Rail industry news (Australia, New Zealand), Signalling, Suppliers and Manufacturers

Global company with an Australian-made focus

Siemens Mobility is focussing on supporting the local Australian supply chain for its rail signalling products, building long-lasting relationships to ensure success for all.

As a global company, Siemens Mobility strives to be innovative and sustainable. One way that it achieves this is through partnerships with local suppliers. 

By collaborating with these suppliers, Siemens can support both its customers, the growth of local businesses, and the rail industry in Australia. That said, Siemens Mobility has embraced its Australian base with more than 75 per cent of its suppliers being Australian-owned businesses, and more than 80 per cent of the components of its locally manufactured point machines, signalling and train stops are purchased from local vendors. 

By collaborating with these suppliers, both Siemens Mobility and its partners can share valuable knowledge and experience that continues to improve the design, manufacture and implementation of products for its customers. 

Rail Express had the opportunity to sit down with Ram Rajagopal, who is the Head of Procurement for Rail Infrastructure Products at Siemens Mobility to learn more about how the company is supporting the local supply chain through their Port Melbourne facility.  

“The businesses that we work with would probably say they have Siemens blood in their veins,” Rajagopal said.

“During COVID, as the international supply chain shut off, our local suppliers made sure that Siemens did not stop servicing its customers.”

Rajagopal explained that these businesses do more than supply components and parts to Siemens – they are true partners.

“We design the products, but our suppliers  have been our manufacturing interface, and they have the knowledge and understanding to come back to us with samples made through rapid prototyping or 3D printing for suggested changes. Our suppliers provide their expert knowledge of new methods and support us in the innovation of our products,” he said.

“For Siemens we want to be a technology partner for our customers and support the local rail industry to grow.

“By having this local support, we can ensure our products meet the high-quality standards that are defined by Siemens, the industry and our customers.”

One company Siemens Mobility works closely with is Filcon Precision Engineering. Factory Manager and Director, Jim Tsironis, has seen the value of a long-term positive working relationship with Siemens.

By partnering with local companies Siemens Mobility can quickly pivot to meet the needs of the industry. Image/Siemens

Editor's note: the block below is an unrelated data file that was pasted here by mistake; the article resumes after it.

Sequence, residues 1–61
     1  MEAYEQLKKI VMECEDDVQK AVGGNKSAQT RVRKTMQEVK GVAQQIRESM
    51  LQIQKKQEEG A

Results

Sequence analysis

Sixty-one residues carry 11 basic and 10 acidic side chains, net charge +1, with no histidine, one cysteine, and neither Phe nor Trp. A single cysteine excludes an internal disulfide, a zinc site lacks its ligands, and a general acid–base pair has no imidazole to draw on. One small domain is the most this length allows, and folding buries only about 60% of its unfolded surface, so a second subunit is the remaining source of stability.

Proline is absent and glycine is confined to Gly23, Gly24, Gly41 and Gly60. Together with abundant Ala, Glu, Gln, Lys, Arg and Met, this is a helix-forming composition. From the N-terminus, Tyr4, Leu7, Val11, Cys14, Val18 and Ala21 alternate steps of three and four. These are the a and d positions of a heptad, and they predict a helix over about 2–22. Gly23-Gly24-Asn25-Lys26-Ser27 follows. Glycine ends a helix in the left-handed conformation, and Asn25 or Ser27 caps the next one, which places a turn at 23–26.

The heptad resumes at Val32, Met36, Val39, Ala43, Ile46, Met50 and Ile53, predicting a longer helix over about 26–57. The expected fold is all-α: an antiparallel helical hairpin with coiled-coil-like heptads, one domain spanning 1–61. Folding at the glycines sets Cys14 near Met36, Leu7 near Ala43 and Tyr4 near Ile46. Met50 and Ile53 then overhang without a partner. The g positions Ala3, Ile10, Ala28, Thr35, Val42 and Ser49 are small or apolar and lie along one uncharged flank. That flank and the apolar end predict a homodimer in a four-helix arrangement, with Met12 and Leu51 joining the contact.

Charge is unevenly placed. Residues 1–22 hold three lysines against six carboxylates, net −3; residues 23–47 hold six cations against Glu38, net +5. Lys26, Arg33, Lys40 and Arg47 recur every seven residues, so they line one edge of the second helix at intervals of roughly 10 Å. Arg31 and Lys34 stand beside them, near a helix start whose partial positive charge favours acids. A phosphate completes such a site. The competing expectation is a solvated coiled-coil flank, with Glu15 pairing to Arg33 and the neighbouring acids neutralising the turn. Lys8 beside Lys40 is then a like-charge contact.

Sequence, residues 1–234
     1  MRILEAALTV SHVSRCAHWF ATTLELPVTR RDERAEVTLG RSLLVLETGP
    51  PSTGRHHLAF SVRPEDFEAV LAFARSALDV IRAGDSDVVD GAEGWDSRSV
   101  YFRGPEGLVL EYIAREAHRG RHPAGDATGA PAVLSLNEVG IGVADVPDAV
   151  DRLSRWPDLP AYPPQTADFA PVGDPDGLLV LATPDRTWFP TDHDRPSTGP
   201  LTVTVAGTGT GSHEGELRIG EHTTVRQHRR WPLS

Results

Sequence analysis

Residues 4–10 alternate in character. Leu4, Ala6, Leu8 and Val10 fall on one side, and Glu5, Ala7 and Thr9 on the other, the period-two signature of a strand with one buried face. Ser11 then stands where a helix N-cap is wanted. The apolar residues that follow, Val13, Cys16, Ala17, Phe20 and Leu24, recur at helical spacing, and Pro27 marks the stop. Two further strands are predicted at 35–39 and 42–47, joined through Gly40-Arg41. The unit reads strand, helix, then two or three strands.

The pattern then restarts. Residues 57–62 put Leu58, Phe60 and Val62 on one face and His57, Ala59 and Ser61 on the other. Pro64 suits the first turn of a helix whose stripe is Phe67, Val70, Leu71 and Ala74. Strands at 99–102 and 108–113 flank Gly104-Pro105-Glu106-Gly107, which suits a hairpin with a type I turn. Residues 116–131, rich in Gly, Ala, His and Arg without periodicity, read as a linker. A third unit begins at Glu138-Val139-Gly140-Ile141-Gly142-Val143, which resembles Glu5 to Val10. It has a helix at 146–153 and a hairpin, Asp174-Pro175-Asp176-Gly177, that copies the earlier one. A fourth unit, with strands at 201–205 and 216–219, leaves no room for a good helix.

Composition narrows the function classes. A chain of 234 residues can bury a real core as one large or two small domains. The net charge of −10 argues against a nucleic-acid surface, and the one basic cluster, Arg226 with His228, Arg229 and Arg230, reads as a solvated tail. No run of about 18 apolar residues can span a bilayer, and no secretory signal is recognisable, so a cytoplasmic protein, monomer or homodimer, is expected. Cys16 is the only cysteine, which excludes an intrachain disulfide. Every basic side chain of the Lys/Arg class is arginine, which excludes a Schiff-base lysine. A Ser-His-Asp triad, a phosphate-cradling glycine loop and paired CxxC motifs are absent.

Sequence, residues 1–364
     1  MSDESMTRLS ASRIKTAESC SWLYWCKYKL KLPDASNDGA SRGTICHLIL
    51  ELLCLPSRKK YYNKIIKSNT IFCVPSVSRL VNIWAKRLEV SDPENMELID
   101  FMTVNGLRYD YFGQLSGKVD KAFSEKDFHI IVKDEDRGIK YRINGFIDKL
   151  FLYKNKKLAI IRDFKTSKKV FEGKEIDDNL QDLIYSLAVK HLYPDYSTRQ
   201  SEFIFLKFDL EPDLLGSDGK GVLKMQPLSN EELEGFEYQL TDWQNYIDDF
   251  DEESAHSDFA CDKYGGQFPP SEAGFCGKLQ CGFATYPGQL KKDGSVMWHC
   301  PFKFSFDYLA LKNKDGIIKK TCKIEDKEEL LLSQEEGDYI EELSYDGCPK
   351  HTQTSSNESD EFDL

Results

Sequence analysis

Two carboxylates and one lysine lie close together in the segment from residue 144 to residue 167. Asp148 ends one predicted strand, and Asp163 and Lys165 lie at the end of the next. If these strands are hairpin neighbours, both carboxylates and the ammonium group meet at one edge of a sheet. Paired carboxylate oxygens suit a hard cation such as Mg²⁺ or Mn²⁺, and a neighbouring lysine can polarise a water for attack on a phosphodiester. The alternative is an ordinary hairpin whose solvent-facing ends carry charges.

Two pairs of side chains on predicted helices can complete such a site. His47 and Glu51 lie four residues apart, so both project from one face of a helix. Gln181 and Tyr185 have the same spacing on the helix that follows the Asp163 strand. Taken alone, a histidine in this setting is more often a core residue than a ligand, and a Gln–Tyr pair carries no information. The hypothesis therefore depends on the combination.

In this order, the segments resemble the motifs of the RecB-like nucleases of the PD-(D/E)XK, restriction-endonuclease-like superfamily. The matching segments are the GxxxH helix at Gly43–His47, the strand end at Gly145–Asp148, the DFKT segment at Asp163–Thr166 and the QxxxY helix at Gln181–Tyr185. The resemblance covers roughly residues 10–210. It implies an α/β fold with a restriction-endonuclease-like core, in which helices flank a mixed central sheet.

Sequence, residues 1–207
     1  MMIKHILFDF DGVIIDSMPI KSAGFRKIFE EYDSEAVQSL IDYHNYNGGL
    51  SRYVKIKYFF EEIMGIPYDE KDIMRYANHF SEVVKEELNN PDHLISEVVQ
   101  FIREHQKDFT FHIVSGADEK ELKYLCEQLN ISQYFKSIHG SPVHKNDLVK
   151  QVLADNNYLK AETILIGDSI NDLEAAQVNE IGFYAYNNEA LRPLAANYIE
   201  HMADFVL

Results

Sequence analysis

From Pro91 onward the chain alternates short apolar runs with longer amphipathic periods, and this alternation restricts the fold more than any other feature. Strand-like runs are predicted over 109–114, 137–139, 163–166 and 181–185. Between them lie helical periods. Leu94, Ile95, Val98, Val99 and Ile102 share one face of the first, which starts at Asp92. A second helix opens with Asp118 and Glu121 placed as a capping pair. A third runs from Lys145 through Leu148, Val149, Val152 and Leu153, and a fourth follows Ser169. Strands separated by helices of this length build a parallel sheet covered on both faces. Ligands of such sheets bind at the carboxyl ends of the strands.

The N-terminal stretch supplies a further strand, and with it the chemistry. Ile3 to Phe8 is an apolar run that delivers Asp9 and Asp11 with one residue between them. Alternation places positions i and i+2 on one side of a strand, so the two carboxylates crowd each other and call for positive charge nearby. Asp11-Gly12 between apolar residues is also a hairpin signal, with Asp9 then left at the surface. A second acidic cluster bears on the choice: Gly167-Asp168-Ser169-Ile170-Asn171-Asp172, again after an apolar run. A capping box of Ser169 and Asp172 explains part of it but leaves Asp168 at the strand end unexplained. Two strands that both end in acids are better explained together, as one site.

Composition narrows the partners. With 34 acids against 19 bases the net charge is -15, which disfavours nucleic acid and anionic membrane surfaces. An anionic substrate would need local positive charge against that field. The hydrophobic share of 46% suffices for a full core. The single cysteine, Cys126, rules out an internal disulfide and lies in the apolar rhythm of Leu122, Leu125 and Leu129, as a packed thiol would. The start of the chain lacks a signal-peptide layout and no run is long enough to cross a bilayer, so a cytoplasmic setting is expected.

“Siemens Mobility is our largest customer by volume and value, and accordingly our growth and economic viability is inextricably linked to their continued growth and success,” he said.

“Profits earned from our relationship have enabled us to reinvest in modernising our manufacturing plant and equipment, which has enabled us to keep price increases to an absolute minimum in these inflationary times.

“The benefits to us are that the lines of direct communication are at a local level, which is very important. 

“Whether that’s with Siemens’ procurement section or engineering team, issues can be dealt with quickly and with a level of local understanding of the current environment. 

“There have been many occasions when I have jumped in the car and visited Port Melbourne to give input on a design change or resolved a blocking point, which would be much more difficult if we were dealing with an offshore touch point. The other major advantage is keeping the product totally Australian made.”

Steelrod is another Australian manufacturer that Siemens Mobility partners with and Director Damian Veneris said that Siemens Mobility is one of the company’s most valued partners.

“Steelrod has been in partnership with Siemens Mobility for more than 10 years,” he said. 

“Our business partnership has seen a wide range of specialised products utilised throughout the country, with the benefits to both companies growing each year. The mutual customers of Steelrod and Siemens have benefited by being able to access local support and expertise for their many specialised requirements.  

“In addition, having these items manufactured in Australia promotes and supports our investment in the skills of local workers. We take pride in supporting the Australian economy and jobs growth for Australian workers. Steelrod values working alongside Siemens and appreciates the partnerships that we have established over the years.”

Continuous improvement

Rajagopal detailed the continuous product development that Siemens Mobility has with its local suppliers that supports the improvements needed to meet the changing landscape of the rail industry. 

“There are continuous improvements in our products because the market is always evolving and materials we had 10 years ago may no longer be available now, or something better might be out there,” he said.